One area of the Psychology of Religion that has been understudied is Pentecostal and Charismatic spirituality. As you might suspect, researchers will define these terms in various ways and, indeed, there are varied beliefs and practices around the world amongst people who identify as Pentecostal or Charismatic.
If outsiders know anything about these "people of the Spirit," they may think of people who speak in tongues, which has become a well-known phenomenon that has made its way into novels and movies.
An additional phenomenon is divine healing. Belief in miracles has marked the Christian faith since its inception. And many Christians believe in prayer for healing. Nevertheless, there has been an emphasis amongst Pentecostals and Charismatics to believe not only that God heals but also that some people are blessed with a gift of healing. The practice usually involves anointing with olive oil followed by prayer for the sick.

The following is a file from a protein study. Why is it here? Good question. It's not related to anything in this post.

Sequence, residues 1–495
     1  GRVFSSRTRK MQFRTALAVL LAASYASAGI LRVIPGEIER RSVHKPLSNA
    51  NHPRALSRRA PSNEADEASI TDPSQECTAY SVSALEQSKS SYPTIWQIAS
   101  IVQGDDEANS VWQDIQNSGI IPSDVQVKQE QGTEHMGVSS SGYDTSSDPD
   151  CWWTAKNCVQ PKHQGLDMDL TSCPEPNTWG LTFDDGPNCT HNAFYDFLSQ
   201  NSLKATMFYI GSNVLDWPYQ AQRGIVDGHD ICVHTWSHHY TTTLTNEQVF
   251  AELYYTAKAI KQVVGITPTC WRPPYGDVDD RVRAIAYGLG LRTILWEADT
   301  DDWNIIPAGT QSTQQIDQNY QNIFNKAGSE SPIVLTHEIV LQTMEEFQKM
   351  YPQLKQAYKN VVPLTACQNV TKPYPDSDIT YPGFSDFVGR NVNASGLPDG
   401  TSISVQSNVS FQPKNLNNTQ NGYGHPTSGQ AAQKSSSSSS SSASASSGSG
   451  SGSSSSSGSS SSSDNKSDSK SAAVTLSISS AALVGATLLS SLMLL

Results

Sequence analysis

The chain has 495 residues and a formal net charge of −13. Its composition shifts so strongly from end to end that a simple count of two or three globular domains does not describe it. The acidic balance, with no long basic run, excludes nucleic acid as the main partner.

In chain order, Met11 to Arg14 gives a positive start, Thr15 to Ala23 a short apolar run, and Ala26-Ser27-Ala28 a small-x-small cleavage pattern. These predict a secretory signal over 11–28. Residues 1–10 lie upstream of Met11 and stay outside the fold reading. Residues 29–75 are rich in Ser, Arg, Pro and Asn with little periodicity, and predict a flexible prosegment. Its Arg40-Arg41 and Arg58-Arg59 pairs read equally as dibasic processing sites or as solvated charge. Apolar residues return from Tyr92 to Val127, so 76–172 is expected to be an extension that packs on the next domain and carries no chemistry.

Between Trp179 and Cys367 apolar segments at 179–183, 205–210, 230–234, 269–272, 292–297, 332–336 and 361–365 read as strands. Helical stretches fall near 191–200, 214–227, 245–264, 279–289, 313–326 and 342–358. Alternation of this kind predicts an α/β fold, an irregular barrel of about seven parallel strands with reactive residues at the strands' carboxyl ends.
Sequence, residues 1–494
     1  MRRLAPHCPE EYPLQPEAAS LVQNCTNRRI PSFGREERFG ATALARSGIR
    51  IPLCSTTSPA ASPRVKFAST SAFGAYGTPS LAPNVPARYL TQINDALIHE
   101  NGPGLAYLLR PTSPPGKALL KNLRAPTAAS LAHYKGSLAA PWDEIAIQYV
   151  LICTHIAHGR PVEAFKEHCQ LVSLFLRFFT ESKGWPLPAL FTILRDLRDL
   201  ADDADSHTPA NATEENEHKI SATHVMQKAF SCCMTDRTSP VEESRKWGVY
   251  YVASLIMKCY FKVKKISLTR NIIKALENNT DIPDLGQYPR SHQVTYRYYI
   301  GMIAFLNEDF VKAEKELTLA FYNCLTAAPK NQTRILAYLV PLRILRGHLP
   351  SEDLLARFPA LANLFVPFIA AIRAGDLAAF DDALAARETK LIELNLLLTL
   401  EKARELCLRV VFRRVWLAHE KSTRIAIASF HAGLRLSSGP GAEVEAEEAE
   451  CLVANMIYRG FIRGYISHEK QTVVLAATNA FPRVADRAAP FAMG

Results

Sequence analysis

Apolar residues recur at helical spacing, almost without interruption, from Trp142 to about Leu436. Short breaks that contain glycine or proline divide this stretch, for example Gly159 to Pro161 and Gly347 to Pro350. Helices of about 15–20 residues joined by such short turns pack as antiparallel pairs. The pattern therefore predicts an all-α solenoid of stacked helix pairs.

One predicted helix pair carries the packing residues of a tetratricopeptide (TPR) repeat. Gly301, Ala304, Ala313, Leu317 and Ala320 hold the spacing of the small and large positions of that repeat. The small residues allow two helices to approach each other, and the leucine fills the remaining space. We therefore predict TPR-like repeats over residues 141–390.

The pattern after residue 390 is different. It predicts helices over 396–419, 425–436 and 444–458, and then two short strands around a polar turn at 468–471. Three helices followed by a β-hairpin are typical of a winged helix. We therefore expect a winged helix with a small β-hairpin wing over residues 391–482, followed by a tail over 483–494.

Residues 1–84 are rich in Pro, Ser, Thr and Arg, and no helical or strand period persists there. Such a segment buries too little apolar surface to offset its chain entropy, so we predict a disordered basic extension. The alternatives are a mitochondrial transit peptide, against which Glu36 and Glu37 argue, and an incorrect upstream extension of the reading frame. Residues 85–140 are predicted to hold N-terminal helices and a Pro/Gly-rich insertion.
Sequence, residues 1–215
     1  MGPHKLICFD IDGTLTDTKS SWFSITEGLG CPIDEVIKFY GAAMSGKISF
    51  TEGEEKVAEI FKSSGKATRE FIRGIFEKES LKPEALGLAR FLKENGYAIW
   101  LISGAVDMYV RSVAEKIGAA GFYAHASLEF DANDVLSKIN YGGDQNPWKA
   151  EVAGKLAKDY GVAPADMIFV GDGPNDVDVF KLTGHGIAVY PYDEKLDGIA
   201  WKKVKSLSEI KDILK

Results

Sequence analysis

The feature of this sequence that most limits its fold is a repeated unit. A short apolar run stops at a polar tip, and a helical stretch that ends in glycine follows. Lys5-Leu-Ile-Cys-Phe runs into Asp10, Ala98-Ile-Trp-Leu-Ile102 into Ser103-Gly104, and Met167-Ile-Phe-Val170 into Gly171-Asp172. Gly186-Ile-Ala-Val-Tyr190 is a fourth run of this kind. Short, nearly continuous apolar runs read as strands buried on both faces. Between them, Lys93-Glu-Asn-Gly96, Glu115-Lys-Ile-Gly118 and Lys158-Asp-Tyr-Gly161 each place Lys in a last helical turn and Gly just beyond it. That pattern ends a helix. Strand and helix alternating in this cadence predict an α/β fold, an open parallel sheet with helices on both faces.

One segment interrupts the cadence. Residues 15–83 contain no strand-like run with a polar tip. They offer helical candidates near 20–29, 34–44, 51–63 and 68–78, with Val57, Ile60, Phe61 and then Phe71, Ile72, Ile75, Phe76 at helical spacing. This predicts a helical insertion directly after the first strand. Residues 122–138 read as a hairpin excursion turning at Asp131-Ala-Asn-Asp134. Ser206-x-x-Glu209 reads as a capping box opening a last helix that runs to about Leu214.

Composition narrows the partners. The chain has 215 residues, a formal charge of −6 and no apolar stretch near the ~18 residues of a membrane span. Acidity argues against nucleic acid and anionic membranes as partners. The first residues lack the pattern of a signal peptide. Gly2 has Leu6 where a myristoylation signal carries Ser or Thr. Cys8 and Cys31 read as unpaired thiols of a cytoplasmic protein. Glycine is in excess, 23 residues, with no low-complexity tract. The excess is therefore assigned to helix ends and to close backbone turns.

In this post, I report on three subscales that my colleagues and I have found useful in survey projects aimed at understanding the relationship of Pentecostal and Charismatic spirituality to other factors. I will report the items with their subscales and our internal consistency values (Chronbach's alpha). I will also report the references to our publications so they can be cited appropriately.
The original publication of the scales is in Sutton, Jordan, and Worthington (2014). In that article you will find our analyses of scale structure, correlations with other variables, and prediction of two factors considered germane to Christianity -- love represented by measures of compassion and forgiveness. A second publication examined only only the Service and Healing subscales in a study of Christian counselors (Sutton, Arnzen, and Kelly, 2016).
Readers have permission to use these scales and items in research and teaching by simply citing the references below.
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